Over the past ten years, many skiers have turned to telemark skiing as an alternative to alpine skiing and in so doing have made new demands on their equipment. The ski industry responded by beefing up three-pin boots and bindings to support a more aggressive method of skiing. The three-pin system, originally intended to be used in cross-country skiing, was restructured for telemarking. This restructuring included placing stiff plastic cuffs and a stiffer sole in the boots and using stronger materials for the binding in an attempt to make the three-pin boot and binding system withstand the demands traditionally met by alpine skiing equipment.

There are several obvious advantages to using a telemark system which explain its recent rise in popularity in both the U.S. and Europe: (1) telemark equipment is very light weight, (2) it provides for a very efficient means of mobility with its flexible toe, and (3) it performs well for skiing downhill through powder snow. However, in the use of a conventional telemark system when skiing at lift serviced resort areas, where slopes are often icy or packed powder, or on dangerous ice clad slopes in an alpine environment, the three-pin telemark boot and binding system is entirely ineffective in holding an edge, when compared to a conventional alpine skiing system.

The three-pin binding is still held as the best system available when the advantage of having a flexible toed boot is desired for cross-country travel and telemark skiing. However, the problem with the three-pin system is that it is torsionally unresponsive to the skier, i.e., it has a certain amount of twist in the sole of the boot which makes it difficult to hold an edge on packed powder or icy slopes. Although the ski industry has made the boots stronger, higher, and more rigid with plastic inserts and improved structural characteristics, the fundamental design of the binding has not changed.

The growing number of telemark skiers that frequent lift-serviced alpine resorts or engage in "extreme skiing" are pushing to the limits of their abilities to meet the challenge of keeping up with the abilities of alpine skiers. In order for "tele-skiers" to exhibit comparable control to that of an alpine skier, there must be an overall change in the technology of telemark equipment.

Another form of cross-country/downhill touring system is the alpine touring binding which is designed to be used with rigid soled alpine boots. This style of touring is currently very popular in Europe. There are typically three major problems with the alpine touring bindings on the market today. First, the alpine touring binding is relatively heavy. Most of the alpine touring systems weigh close to five pounds per pair. Obviously, considerably more energy is required for the skier to make a touring ascent using a heavy binding than it does with a lightweight binding.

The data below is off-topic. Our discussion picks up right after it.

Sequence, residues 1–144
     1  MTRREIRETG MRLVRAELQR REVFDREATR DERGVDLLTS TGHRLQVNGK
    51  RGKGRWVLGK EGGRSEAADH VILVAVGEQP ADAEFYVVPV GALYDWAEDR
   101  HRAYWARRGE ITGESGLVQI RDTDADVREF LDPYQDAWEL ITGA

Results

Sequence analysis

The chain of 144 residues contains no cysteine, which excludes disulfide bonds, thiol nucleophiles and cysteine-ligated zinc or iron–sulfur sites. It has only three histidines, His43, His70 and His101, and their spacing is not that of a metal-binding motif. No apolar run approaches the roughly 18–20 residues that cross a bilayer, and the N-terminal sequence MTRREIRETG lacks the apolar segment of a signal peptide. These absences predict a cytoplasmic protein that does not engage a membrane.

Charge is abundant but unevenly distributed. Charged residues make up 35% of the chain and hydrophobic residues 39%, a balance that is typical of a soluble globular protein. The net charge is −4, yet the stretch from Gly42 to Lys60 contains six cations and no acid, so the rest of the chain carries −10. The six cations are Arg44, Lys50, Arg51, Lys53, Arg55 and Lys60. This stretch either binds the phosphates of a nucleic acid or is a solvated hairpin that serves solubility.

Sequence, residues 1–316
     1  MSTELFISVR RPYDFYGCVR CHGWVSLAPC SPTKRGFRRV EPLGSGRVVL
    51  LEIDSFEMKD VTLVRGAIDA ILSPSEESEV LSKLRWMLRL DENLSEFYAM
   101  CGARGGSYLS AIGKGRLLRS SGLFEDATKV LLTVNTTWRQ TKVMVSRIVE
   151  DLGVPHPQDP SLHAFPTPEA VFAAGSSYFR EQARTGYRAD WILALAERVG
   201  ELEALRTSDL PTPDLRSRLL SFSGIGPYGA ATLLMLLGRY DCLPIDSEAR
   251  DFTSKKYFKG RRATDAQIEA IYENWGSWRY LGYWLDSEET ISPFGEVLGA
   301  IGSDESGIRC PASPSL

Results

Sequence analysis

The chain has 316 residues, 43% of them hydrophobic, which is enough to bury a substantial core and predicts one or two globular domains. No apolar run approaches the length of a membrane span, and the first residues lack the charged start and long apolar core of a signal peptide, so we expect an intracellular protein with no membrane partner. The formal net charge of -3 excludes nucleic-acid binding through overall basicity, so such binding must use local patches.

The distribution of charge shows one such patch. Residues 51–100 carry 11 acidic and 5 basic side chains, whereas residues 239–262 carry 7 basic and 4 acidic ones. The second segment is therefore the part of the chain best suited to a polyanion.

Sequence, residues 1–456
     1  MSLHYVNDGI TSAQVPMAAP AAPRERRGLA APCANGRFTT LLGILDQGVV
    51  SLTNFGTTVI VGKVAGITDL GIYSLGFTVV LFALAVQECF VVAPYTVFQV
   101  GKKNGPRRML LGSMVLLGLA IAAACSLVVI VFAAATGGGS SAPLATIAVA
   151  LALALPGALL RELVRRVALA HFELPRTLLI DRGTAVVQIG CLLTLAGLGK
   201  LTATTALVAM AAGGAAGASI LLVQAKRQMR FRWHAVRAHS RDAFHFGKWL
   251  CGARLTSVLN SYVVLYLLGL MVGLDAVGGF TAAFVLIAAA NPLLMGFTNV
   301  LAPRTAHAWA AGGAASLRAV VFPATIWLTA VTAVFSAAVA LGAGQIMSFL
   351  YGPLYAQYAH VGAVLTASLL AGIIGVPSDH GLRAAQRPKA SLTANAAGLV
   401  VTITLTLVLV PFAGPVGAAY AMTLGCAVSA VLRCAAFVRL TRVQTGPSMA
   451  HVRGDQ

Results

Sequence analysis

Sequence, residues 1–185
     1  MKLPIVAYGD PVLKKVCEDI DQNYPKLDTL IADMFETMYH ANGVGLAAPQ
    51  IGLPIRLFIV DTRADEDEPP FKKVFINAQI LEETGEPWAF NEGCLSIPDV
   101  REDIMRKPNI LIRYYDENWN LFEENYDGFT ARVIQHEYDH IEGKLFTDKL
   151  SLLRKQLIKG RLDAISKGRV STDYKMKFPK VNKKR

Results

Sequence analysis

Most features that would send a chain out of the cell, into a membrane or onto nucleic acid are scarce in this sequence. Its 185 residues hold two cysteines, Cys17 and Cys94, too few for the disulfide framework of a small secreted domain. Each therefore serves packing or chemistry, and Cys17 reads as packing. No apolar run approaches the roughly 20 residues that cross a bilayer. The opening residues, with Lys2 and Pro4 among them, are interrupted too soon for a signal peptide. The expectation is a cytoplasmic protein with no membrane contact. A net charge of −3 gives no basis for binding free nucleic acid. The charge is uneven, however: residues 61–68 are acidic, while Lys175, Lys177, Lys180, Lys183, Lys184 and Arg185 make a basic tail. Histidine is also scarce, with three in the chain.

The second major problem with alpine touring systems is that they do not perform well in a cross-country mode. With the heel of the boot free, the binding provides very little resistance to raising the heel from the ski, which is fine for touring or walking on flat land or climbing a hill, but for skiing alpine style, down a steep face between the flat sections of a traverse, the absence of a substantial resistance to forward lean would increase the possibility of doing a "face plant" or worse. To avoid this, the skier would either have to stop and lock the heel of the boot down every time a downhill section was encountered or resort to using a telemark turn. Although telemark turning with alpine touring binding systems avoids the face plant problem, performing a telemark turn without the benefit of utilizing the flexible toe of a flexible-toed boot, and without any reasonable forward lean resistance provided by the binding, forces the skier to make turns on the tip of the toe instead of on the ball of the foot of the uphill ski. Telemark turning on the tip of the toe is awkward and unstable, resulting in an overall poor skiing performance which is less than desirable when confronted with a difficult traverse on top of a steep icy corniced ridge.

The third major problem with alpine touring bindings is related to the release capabilities of the bindings. Some alpine touring bindings require the skier to stop and take off the ski in order to change skiing modes, and some are not releasable in the touring mode. Others are releasable transversely at the heel which is more likely to cause skier injury than a binding that releases transversely at the toe.